Saskatoon

1st shipment of vaccines for Sask. kids 5 to 11 could come in early- to mid-November

The Saskatchewan government is planning to open 190 pediatric vaccine clinics once the first doses for children aged five to 11 arrive. Unvaccinated parents will be able to get their shots there too.

190 pediatric clinics to open, unvaccinated parents could get their shots there too

Students are pictured wearing masks during a school day in Vancouver, British Columbia on Friday, October 1, 2021. (Ben Nelms/CBC)

Saskatchewan hopes to receive its first shipment of an expected total of 112,000 vaccine doses meant for kids aged five to 11 in early- to mid-November, says the province's medical health officer responsible for immunization. 

"Obviously, this is dependent on when Health Canada will approve this vaccine or any other changes that might come out of that," said Dr. Tania Diener during a news conference on child vaccination Tuesday.

Officials announced that 190 pediatric vaccine clinics will open in more than 100 communities in the province to inoculate children. Vaccines will also be available at the clinics for any parents who remain unvaccinated. A full listing of clinic locations and times will be available at www.saskatchewan.ca/COVID19-Vaccine.

Clinical trials indicate that the Pfizer vaccine had no safety concerns noted among children 5 to 11 years of age, according to a Ministry of Health release issued in tandem with the news conference.

  • Read more details of Saskatchewan's child vaccination program by clicking here or scroll to the bottom of this page. 

The consent of parents will be required for any child vaccinations. 

While parents cannot yet book appointments, they can call 1-833-SASK-VAX (1-833-727-5829) toll-free to book appointments once the vaccine has arrived.

Therapy dogs will be among the practices used to soothe the nerves of any anxious kids. 

Saskatchewan will receive enough first-dose vaccines to inoculate all five to 11 year olds who want it, officials said. 

(Ministry of Health)

According to data shared during Tuesday's news conference, about 24 per cent of Saskatchewan's new COVID cases in October were among children aged 11 and under.

Homes accounted for 48 per cent of exposures in children from Sept. 1 to Oct. 14, while schools accounted for 23 per cent.

"There might still be kids that are unimmunized at the end of the day, but having the majority of them immunized in those settings will definitely make a difference to the transmission in either the education setting or in the community at large," Diener said.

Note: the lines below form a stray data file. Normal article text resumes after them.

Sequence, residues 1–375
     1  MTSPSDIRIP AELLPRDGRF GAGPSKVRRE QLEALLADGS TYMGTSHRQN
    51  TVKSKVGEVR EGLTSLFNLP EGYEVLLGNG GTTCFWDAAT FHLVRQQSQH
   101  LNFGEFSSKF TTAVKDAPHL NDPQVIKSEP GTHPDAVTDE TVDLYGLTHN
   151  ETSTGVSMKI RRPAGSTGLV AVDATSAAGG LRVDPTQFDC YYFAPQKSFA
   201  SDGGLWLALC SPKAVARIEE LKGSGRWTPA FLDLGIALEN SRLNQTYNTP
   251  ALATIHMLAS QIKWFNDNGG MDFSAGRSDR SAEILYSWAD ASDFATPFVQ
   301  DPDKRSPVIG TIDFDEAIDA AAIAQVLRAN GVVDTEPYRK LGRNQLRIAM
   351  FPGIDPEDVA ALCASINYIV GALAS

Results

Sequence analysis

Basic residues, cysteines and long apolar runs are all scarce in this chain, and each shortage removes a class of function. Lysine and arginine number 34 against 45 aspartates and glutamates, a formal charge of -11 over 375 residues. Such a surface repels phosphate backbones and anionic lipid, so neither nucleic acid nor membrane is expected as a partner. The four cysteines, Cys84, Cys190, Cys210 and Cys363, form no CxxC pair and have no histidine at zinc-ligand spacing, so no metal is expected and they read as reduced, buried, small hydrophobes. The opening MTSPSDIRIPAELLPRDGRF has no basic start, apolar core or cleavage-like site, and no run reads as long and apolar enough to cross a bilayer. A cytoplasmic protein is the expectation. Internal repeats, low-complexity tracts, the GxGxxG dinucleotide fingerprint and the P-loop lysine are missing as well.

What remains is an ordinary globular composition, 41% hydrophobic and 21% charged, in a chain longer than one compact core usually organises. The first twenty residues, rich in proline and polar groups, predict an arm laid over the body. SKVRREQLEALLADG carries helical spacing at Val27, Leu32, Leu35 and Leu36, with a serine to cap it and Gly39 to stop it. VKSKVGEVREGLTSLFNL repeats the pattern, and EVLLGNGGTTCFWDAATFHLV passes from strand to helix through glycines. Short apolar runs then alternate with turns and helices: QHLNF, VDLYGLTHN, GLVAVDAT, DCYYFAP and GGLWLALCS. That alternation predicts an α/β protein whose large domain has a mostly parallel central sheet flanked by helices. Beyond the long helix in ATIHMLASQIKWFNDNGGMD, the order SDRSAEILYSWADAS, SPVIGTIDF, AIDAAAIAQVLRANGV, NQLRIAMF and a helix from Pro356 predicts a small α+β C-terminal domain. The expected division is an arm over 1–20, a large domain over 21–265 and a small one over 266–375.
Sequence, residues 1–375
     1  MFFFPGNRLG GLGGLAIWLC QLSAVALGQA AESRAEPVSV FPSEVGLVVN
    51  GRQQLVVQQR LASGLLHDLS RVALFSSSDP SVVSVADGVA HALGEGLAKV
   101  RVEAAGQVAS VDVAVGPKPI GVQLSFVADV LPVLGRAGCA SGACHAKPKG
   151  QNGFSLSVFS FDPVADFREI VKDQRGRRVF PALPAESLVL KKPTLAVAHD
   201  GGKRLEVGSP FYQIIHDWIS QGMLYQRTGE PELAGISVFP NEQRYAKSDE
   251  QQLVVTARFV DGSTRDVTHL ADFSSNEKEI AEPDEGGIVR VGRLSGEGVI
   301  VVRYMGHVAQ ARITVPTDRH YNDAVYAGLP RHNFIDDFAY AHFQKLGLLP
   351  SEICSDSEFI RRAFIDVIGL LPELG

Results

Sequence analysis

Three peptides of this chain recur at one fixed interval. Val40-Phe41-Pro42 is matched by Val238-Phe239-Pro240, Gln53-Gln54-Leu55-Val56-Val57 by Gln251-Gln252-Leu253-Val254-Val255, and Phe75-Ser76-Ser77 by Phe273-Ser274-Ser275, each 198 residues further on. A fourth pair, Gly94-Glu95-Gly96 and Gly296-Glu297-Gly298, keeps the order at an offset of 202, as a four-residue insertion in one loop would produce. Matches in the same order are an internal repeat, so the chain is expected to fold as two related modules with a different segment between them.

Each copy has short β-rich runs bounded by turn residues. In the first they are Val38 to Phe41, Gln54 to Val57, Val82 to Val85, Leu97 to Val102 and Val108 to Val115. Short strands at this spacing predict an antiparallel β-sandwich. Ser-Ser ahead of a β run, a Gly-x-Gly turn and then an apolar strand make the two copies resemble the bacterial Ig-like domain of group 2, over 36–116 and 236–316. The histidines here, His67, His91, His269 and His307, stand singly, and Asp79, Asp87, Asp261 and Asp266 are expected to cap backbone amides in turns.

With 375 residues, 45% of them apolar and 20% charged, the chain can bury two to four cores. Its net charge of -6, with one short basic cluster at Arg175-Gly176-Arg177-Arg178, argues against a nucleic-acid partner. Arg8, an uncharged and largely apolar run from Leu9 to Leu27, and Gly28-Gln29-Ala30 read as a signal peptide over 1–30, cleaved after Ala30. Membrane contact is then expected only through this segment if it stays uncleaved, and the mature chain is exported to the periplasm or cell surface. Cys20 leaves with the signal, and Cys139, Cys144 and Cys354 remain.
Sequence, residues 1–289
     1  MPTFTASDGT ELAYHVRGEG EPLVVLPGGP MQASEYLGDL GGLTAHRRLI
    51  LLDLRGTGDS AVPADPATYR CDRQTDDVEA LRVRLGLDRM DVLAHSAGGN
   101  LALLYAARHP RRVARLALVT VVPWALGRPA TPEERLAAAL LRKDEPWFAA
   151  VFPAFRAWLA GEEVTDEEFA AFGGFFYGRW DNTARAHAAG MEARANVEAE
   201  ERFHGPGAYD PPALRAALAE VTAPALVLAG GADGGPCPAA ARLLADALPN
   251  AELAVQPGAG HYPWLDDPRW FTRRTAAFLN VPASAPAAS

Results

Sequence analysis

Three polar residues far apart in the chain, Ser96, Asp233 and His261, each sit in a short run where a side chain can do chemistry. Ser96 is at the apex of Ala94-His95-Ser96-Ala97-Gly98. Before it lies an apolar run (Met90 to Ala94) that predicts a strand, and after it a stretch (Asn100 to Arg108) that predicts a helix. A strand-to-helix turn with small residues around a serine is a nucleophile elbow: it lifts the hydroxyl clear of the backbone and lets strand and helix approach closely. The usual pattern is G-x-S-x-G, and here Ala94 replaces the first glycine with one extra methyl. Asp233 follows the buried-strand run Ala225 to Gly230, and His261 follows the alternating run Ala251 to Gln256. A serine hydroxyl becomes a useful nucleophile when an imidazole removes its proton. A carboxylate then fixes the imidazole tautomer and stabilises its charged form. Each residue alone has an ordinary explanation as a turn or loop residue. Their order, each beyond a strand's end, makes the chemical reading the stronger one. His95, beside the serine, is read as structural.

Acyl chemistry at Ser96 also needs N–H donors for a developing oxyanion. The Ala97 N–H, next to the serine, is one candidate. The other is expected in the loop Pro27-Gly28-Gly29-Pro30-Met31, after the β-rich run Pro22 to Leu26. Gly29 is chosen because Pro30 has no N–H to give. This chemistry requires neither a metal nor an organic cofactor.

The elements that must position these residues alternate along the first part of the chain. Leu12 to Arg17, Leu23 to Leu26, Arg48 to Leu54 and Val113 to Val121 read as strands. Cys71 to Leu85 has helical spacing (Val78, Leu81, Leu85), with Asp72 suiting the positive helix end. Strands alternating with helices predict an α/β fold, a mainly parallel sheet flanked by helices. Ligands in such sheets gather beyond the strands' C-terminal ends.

Dr. Saqib Shahab, Saskatchewan's chief medical health officer, said on Friday that Pfizer has submitted its package for approval and that Health Canada was going through the approval process. 

He said he expected the National Advisory Committee on Immunization to come out in support of the plan.

In late September, Shahab voiced concerns about the province's future child-vaccination rates, based on the vaccination uptake among older Saskatchewan residents at the time.

"If we go by current trends in parents of those children in various parts of Saskatchewan, [it] certainly does not give us great optimism for the uptake in children," he said.

As of Monday, 85 per cent of all eligible Saskatchewan residents had been vaccinated with one dose while 76.8 per cent had been fully vaccinated.

As of last Thursday, 68 per cent of youth aged 12 to 17 were fully vaccinated against COVID-19 — tied with people in their thirties for the second lowest coverage percentage of any age group in the province. 

Among people aged 18 to 29, 66 per cent were fully vaccinated. 

Read Tuesday's full child vaccination presentation below:

Mobile users: View the document
(PDF KB)
(Text KB)
CBC is not responsible for 3rd party content

ABOUT THE AUTHOR

Guy Quenneville

Reporter at CBC Ottawa

Story tips? Email me at guy.quenneville@cbc.ca or DM me @gqinott on Twitter.

with files from Darren Major

Comments

To encourage thoughtful and respectful conversations, first and last names will appear with each submission to CBC/Radio-Canada's online communities (except in children and youth-oriented communities). Pseudonyms will no longer be permitted.

By submitting a comment, you accept that CBC has the right to reproduce and publish that comment in whole or in part, in any manner CBC chooses. Please note that CBC does not endorse the opinions expressed in comments. Comments on this story are moderated according to our Submission Guidelines. Comments are welcome while open. We reserve the right to close comments at any time.

Become a CBC Member

Join the conversation  Create account

Already have an account?

now